UNITED STATES OVERVIEW: 2012
America’s Health Rankings®–2012 Edition shows Vermont at the top of the list of healthiest states again this year. The state steadily rose in the rankings over the last 14 years from a ranking of 17th in 1998 to first, where it has remained for 4 consecutive years. Hawaii is ranked second this year, an improvement from ranking third in the 2011 Edition and fifth in the 2009 and 2010 Editions. Hawaii has ranked in the top 6 states every year of the index.New Hampshire is third, followed by Massachusetts and Minnesota. Mississippi and Louisiana tie for 49th as the least healthy states. Arkansas, West Virginia, and South Carolina complete the bottom 5 states.
Vermont ascended from 20th in 1990 and 1991 to the top position with sustained improvement in the last decade. Vermont’s strengths include its number one position for all health determinants combined, which includes ranking in the top 10 states for a high rate of high school graduation, a low violent crime rate, a low incidence of infectious disease, a low prevalence of low birthweight infants, high per capita public health funding, a low rate of uninsured population, and ready availability of primary care physicians. Vermont’s challenges are a high prevalence of binge drinking at 18.5 percent of the adult population, a moderate occupational fatalities rate at 3.9 deaths per 100,000 workers, and a moderately high cancer death rate at 185.0 deaths per 100,000 population.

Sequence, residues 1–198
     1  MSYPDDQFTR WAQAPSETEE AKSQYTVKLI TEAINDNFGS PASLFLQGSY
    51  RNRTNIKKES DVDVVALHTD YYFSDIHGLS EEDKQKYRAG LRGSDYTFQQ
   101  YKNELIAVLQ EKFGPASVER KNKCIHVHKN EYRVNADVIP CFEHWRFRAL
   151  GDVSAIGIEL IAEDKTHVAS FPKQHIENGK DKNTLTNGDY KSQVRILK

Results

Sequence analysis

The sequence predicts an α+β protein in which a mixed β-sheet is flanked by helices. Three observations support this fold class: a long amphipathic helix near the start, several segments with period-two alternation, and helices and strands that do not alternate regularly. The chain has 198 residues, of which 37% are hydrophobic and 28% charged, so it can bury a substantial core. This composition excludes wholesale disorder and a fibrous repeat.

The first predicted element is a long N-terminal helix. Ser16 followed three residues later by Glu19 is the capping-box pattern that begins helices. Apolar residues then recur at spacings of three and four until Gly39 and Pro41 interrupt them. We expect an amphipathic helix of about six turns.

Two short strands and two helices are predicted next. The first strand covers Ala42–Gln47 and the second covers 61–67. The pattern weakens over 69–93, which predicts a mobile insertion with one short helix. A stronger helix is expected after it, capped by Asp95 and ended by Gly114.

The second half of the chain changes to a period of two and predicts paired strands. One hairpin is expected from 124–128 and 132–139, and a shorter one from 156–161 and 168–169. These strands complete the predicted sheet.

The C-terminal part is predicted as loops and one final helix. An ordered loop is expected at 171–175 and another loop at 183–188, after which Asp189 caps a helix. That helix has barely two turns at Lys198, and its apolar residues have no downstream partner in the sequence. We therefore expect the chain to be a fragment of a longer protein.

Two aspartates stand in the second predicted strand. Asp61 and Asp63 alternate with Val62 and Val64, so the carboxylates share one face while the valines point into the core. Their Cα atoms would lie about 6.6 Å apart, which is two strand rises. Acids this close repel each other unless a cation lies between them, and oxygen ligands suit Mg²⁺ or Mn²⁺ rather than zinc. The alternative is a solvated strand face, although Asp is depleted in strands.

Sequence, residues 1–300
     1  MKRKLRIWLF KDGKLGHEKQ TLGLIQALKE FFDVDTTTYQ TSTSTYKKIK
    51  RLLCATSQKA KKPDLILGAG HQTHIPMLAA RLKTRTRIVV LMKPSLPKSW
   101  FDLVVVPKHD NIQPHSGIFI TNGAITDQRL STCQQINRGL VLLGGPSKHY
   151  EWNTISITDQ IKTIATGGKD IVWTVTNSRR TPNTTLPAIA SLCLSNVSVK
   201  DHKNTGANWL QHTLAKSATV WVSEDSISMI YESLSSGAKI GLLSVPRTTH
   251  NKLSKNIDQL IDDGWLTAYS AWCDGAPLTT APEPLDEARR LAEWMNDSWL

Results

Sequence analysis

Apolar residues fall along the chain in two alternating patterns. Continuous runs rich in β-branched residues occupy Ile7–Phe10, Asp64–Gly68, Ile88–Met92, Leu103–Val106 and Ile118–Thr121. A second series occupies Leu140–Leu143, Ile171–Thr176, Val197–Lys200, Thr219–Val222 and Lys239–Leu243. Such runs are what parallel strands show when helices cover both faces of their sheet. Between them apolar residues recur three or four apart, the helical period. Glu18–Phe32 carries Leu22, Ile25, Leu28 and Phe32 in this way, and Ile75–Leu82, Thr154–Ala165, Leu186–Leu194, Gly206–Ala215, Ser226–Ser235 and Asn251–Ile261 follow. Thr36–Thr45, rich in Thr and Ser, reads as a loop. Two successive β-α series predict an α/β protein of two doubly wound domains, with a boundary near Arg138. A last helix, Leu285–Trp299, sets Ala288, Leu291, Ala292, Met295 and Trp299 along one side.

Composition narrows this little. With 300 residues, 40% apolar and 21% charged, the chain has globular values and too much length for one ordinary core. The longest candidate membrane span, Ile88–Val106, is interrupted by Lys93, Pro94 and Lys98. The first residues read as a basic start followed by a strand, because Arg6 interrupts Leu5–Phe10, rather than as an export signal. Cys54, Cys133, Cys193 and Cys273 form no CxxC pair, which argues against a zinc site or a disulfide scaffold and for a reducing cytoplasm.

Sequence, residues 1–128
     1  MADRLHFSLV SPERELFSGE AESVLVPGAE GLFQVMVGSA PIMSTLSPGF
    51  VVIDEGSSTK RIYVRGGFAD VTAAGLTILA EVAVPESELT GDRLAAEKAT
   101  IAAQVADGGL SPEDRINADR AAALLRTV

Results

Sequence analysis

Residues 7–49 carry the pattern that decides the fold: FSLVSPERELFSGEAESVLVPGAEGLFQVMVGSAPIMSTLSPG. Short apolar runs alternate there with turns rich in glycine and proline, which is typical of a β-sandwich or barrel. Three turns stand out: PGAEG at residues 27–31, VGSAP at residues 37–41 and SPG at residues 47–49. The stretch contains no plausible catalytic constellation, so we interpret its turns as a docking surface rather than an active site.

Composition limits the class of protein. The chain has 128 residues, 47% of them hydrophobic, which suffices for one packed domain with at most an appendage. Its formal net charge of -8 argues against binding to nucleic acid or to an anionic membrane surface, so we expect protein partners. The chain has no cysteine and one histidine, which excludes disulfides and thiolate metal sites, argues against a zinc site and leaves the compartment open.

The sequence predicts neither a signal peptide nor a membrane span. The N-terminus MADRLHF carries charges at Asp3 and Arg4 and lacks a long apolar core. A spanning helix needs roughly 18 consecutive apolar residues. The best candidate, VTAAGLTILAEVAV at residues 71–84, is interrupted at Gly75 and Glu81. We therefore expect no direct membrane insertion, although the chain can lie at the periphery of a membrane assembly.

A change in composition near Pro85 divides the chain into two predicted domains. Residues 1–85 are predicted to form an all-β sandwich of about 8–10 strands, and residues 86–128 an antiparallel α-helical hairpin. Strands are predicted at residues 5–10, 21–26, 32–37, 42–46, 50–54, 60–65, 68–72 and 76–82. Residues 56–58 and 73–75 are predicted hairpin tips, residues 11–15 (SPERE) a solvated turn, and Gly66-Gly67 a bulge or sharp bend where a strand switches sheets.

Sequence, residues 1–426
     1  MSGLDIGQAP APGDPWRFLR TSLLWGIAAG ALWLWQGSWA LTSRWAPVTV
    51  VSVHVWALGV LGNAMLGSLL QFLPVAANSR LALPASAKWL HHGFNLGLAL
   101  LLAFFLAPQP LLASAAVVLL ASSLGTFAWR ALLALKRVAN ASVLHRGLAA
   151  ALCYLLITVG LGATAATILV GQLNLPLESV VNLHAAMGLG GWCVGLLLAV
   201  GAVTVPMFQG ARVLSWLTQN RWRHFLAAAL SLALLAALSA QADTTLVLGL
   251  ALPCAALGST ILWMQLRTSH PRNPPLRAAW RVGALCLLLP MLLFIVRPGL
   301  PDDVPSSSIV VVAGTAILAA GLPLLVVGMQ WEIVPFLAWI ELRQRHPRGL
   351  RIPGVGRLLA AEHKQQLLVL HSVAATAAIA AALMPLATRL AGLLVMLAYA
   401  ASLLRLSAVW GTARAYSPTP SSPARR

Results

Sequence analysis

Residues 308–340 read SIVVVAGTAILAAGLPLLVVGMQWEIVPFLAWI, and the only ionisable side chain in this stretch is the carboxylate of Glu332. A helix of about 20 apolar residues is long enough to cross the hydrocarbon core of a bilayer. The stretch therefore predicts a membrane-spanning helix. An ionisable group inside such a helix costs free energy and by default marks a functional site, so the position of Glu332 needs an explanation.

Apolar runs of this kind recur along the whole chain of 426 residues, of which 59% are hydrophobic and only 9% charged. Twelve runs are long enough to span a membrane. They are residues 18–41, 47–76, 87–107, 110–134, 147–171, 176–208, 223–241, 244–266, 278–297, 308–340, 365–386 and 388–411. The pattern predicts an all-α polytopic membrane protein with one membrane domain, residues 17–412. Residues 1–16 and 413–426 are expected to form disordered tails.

Mississippi ranks well for a low prevalence of binge drinking and a low violent crime rate. It ranks in the bottom 5 states on 12 of the 24 measures including a high prevalence of obesity, a high prevalence of a sedentary lifestyle, a low high school graduation rate, limited availability of primary care physicians, a high prevalence of low birthweight infants, and a high prevalence of diabetes. Mississippi ranks 49th for all health determinants combined, so its overall ranking is unlikely to change significantly in the near future.
Louisiana ranks well for a low prevalence of binge drinking and a high rate of childhood immunizations. It ranks in the bottom 5 states on 13 of the 24 measures including a high prevalence of obesity, a high rate of children in poverty, a high rate of low birthweight infants, a high prevalence of diabetes, and a high rate of cardiovascular and cancer deaths.